Great Great Grandmother Elizabeth Ann DAVIS PARKER
Additional stories about
Elizabeth Ann DAVIS PARKER
By Sophia PARKER STAPLEY - daughter of Elizabeth Ann DAVIS and Charles PARKER
Elizabeth always knit wool stockings and socks for each member of the family. Everything she made was very neat. When she got too crippled, father bought her a knitting machine, the only one in town. This was a real treat for Mother. Now she could knit a sock in a day at least. It took longer to thread the machine than knit the stocking! Charles bought Elizabeth the first range stove in the town. They also owned the first electric washing machine in Kanarra. She never did own an electric sewing machine but she wore out two treading-sewing machines.
Our family dog, named Rover, was very thoughtful of Mother. When the [grand] children would scuffle in their play, Rover would go stand over Mother’s feet to protect them from being trampled on. They were so tender she hated to have anything come near them, and believe me Rover knew this. Rover would round-up the horses or cattle when he saw Charles going after them. When the daughters and sons came home with their families, rover showed as much glee as any person. He lived to be very old and was a real friend to every member of the family. There was another dog the family had a short time, that would take a bucket of water out of Mother’s hand when he would see her try to carry it in the house and do it for her! They had to dip water from the barrel or spring in those days, for household purposes. It was hard work.
I well remember the wedding receptions father and mother gave to most of their children. They would invite all the people who were adults, from the age of 14 years up, who lived in the community. The crowd would range from 150 to 200 people. The dinner spread was exquisite: places carefully set; table decorations; and all the delicious food cooked by members of the Parker family. There would be three or four varieties of meat, hot potatoes and gravy, several kinds of vegetable, three or four varieties of pies and cakes, with other deserts such as puddings. There was always a large wedding cake, and a highly-decorated bridegroom cake that stood about 18 inches high. The bride’s cake was a white cake and the bridegroom cake was a dark fruit-cake. Everybody had a piece of these cakes, which were very special. After dinner, sweet wines were served to the ladies, a very choice brandy and sweet Dixie wine served to the gentlemen, if people so desired. People brought wedding gifts to the couple. Then that evening a free dance would be given to the public in the community dance hall. The dance orchestra consisted of a violin, guitars, piano, and often a horn or two. An enjoyable day and night for everyone.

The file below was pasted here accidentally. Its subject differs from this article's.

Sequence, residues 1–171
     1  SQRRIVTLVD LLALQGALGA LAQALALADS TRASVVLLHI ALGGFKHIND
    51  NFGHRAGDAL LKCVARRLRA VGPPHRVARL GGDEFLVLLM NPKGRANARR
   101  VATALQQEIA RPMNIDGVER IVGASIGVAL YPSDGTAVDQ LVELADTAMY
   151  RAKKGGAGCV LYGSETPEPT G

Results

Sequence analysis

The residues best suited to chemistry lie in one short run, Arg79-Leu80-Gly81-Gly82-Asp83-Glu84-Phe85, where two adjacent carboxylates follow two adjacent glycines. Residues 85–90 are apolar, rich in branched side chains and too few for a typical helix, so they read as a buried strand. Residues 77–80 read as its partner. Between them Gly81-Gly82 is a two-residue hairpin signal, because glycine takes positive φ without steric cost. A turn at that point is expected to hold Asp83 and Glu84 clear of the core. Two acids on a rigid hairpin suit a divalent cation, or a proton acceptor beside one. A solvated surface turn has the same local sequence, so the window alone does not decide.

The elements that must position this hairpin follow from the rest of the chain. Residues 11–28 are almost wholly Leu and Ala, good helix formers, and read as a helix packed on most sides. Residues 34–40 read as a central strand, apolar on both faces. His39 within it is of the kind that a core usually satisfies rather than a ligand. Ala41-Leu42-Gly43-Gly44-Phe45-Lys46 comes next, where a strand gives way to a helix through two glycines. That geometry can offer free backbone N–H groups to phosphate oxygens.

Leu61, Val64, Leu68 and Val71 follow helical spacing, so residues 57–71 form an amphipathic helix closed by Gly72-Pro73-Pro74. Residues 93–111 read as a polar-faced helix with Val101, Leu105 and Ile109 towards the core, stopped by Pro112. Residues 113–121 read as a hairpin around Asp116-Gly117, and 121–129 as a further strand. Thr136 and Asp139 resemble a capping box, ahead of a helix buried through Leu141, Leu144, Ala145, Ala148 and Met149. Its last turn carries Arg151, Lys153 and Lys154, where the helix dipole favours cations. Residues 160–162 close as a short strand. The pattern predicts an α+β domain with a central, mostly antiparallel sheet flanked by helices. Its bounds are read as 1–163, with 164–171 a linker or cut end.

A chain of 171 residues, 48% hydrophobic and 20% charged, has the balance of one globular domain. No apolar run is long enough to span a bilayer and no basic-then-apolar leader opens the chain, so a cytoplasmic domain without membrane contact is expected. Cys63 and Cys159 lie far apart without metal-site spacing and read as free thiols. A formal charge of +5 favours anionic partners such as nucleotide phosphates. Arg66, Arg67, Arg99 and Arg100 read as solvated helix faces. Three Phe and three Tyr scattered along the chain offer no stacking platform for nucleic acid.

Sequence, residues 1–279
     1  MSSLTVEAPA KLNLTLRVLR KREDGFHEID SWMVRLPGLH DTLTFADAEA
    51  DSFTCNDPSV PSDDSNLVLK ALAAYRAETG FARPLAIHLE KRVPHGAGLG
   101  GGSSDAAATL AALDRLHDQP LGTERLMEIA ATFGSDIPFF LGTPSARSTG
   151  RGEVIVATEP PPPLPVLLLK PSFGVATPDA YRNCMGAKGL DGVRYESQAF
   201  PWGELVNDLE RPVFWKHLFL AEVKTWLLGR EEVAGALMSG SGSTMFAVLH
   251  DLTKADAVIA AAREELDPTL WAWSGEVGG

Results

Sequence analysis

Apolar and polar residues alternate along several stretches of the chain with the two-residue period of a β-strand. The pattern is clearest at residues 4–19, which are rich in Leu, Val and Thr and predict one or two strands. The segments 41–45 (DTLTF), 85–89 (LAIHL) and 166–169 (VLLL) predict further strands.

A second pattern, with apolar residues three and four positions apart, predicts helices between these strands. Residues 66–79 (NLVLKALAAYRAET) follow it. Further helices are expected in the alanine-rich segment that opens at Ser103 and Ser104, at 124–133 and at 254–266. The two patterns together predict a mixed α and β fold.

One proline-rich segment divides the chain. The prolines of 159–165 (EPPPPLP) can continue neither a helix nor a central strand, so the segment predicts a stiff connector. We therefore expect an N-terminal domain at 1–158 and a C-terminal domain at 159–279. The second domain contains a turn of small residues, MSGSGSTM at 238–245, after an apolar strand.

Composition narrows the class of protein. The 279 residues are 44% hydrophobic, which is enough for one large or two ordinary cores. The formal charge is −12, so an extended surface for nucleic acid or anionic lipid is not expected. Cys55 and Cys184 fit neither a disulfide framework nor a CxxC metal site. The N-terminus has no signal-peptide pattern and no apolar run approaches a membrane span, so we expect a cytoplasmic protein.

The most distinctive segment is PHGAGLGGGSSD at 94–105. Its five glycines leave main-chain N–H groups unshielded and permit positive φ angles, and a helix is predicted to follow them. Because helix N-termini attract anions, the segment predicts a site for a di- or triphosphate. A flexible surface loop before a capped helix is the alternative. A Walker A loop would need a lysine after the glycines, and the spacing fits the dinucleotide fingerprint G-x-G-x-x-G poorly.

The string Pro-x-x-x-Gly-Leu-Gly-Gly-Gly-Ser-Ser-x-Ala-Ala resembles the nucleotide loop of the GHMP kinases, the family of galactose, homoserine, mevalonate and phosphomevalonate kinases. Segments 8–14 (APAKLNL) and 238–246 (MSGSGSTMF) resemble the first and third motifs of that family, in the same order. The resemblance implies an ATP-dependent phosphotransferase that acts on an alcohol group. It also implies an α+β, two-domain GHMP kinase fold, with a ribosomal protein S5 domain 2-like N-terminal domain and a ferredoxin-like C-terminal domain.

The last story I would like to leave you with has to do with their loyalty and patriotism. Charles and Elizabeth often told their children of their love and appreciation fro having been born and privileged to live in the United States of America. They felt extremely blessed for the necessities of life which were stored in the cellar, barns and elsewhere. Although this was the case, I recall that during the First World War their household observed meatless, wheatless, and sugarless days as requested by their Country. Their love for the Stars and Stripes I shall never forget. The flag was hoisted up the Liberty Pole in Kanarra three times a year -- July Fourth, July Twenty-fourth, and election Day and would remain on the Pole for two or three weeks at a time. The flag was whipped by the wind until the end was torn into ribbons. But it was still used in this way. I remember one year the flag was used and was finally in shreds. The town had needed a mew one for some time. Charles, with his own money went to the store and bought the very best of cotton material for a new large flag: and Elizabeth, though she was crippled and her hands and fingers twisted out of shape by arthritis -- having a difficult time using the needle and sewing machine without a lot of pain -- made every stitch in this flag. and an artistic piece of hand and machine work it was! When it was finished she and Charles presented it to the community. This flag was used for many years and was still bright and beautiful the last I knew.
Mother died on February 26, 1927. On every Decoration Day and Fourth of July, Charles would place a flag on her grave. One of his nieces, Juanita Davies, once asked him why he placed a flag on her grave. Charles answered her, “If any soldier lying in the graves of this cemetery is deserving of decorating in this way, Elizabeth is one of the bravest.” He then related to Juanita how Elizabeth had made every stitch in the large flag which flew on the Liberty Pole on every patriotic occasion. Charles continued this tribute to his wife, as long as he was able to visit the cemetery.
Two beautiful parents and we loved them dearly!
(Together Again An Autobiographical History, sophia Parker Stapley, pp 102-104)
[click on label DAVIS Elizabeth Ann to see family photos]